August 17th 1999 on a typical Sunday morning ride. My buddy Mike was leading the group on a country road in Florida when a deer jumps a wooden fence crossing right in front of him. Hard on the binders he nearly hits the animal that crosses the road and runs into a chain link fence on the far side as if it weren’t there. The fence throws the animal back and she turns around and runs into it again, and again. By this time (slowing down the whole time) I figure the deer is going to realize there’s no way out that way and double back the way she came so I come to a stop to wait it out. Meanwhile the rider behind me on a Honda 900RR is looking over his shoulder warning the others to watch out for the deer. He looks forward again and realizes I’m stopped and tags the brakes locking up both wheels leaving fifteen feet of skid marks. I hear the tires squeal and had just enough time to look at the mirror before he impacted me. He hit hard enough to peel my back rim with his brake rotor. The impact sent him over the handlebars taking out his windscreen and planting his helmet in the middle of my back sending me over the bars taking my windscreen with me. Fortunately since the big accident I’d taken to wearing a turtle shell back brace and outside of some bruising and minor scraps I’m fine. He on the other hand had two broken wrist, two broken forearms, a concussion and a split pelvis. His turn for the helicopter ride.
My new bike is totaled and his insurance buys me a 2000 Kawasaki ZR-7.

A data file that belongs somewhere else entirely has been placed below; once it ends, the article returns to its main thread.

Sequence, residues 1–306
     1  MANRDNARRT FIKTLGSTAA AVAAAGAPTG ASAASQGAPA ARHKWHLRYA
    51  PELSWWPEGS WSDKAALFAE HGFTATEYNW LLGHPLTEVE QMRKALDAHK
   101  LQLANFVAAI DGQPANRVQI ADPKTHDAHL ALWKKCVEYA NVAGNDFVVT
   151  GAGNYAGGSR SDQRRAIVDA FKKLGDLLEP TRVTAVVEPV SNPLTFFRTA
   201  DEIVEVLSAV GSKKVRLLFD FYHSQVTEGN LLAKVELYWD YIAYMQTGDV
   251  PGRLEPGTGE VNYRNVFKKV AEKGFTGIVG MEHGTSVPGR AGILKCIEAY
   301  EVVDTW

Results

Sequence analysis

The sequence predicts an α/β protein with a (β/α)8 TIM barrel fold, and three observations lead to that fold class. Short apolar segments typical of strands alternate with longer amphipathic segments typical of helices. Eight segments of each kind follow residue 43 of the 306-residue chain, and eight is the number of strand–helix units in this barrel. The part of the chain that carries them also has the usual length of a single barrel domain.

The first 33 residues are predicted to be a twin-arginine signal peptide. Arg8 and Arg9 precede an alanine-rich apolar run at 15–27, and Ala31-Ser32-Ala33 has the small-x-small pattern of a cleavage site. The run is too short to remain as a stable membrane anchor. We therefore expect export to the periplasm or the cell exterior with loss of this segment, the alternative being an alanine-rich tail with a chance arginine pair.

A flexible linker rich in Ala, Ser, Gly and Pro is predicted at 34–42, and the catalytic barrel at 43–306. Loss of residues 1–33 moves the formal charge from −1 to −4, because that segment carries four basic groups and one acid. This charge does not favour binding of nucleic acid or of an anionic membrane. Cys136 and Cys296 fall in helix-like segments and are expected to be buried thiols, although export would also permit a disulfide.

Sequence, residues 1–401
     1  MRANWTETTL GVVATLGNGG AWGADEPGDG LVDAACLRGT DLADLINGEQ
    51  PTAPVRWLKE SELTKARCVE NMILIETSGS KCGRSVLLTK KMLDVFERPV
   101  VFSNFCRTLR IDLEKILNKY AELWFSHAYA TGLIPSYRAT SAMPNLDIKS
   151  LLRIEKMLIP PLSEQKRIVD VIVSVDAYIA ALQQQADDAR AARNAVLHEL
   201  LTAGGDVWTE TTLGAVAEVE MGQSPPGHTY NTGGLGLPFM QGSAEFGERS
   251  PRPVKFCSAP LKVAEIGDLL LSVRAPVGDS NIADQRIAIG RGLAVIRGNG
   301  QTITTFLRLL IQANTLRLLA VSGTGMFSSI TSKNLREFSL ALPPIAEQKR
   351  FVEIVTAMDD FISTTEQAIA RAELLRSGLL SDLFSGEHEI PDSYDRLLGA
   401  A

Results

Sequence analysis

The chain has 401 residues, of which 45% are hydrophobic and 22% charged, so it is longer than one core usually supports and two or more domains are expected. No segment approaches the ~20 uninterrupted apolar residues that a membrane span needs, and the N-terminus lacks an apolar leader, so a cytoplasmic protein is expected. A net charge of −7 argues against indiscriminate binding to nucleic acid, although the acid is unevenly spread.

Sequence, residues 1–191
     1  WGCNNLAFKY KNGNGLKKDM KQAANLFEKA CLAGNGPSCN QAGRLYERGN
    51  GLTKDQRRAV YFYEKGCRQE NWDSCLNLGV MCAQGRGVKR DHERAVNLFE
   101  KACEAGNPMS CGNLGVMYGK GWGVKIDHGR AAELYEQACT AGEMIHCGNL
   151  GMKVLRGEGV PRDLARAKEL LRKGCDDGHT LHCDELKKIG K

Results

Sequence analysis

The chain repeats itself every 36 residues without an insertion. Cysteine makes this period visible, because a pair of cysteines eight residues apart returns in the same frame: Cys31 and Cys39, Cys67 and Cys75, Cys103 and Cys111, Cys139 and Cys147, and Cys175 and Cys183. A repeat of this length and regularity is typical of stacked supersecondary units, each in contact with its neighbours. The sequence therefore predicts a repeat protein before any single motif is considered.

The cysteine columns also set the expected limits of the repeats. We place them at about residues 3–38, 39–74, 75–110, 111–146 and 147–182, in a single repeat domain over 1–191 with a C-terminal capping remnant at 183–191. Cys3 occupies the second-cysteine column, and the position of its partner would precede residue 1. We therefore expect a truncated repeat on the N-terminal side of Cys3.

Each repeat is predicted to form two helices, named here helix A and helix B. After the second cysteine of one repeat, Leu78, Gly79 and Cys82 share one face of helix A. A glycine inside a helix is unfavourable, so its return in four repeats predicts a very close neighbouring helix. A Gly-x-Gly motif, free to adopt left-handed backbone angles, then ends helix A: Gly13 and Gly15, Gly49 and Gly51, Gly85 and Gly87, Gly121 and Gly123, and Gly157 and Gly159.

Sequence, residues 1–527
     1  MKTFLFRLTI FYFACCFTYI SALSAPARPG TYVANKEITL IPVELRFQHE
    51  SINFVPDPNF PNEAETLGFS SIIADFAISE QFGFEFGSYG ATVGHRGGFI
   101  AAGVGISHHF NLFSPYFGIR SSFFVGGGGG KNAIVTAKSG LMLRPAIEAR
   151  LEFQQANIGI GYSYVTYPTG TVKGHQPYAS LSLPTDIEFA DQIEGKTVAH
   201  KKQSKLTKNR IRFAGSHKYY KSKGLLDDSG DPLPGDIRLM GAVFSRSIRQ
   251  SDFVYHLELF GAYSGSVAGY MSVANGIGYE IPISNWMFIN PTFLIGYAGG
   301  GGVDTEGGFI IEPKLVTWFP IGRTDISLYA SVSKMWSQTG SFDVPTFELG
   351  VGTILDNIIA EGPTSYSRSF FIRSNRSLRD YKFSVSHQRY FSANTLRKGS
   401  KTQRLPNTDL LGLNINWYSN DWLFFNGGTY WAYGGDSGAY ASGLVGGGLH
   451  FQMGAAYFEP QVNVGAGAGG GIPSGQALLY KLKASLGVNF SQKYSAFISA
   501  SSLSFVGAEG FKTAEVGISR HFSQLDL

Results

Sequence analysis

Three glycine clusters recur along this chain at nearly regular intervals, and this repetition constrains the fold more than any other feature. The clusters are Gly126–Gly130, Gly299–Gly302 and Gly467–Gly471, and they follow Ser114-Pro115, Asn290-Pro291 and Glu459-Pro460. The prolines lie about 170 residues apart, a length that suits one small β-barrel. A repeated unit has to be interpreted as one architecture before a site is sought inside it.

August 24th 2003 riding in fourth place behind my buddy Ken we turn down a nice twisty road when the lead rider dials it up and disappears around the first turn. Ken on his second day riding after some work related back surgery keys his Chatter Box (a bike to bike communicator) “I’m gonna play with him” passes My buddy Mike and runs around the same turn. I’m thinking “this is bad” because three turns later is a bad turn to dive into blind, about that time I hear some nasty crunchy sounds over the Chatter Box. I key mine “That doesn’t sound good” already knowing what happened I rush to close the gap to Mike. We get to the turn in question and all I can think of is, “I hope he’s OK” forsaking all else I look for him seeing nothing. Turns out Mike’s bike was blocking my view of him so when he let off the throttle on his Ducati 996 it was the same as braking but without brake lights, by the time I realized what was going on I was on top of him. Leaned over grabbing a handful of brake the front tire broke traction. The sad part is, I could have recovered the lock up but at the expense of taking out the Duc so I stay on the brakes and down I go at around 70 mph. I begin to roll as fast as possible to minimize the road rash on my bare arms.
My ZR-7 died after meeting a pine tree.
The ZR's final resting place
Ken with a dislocated right shoulder
My poor ZR, at such a tender age
Road rash is like a really BAD sunburn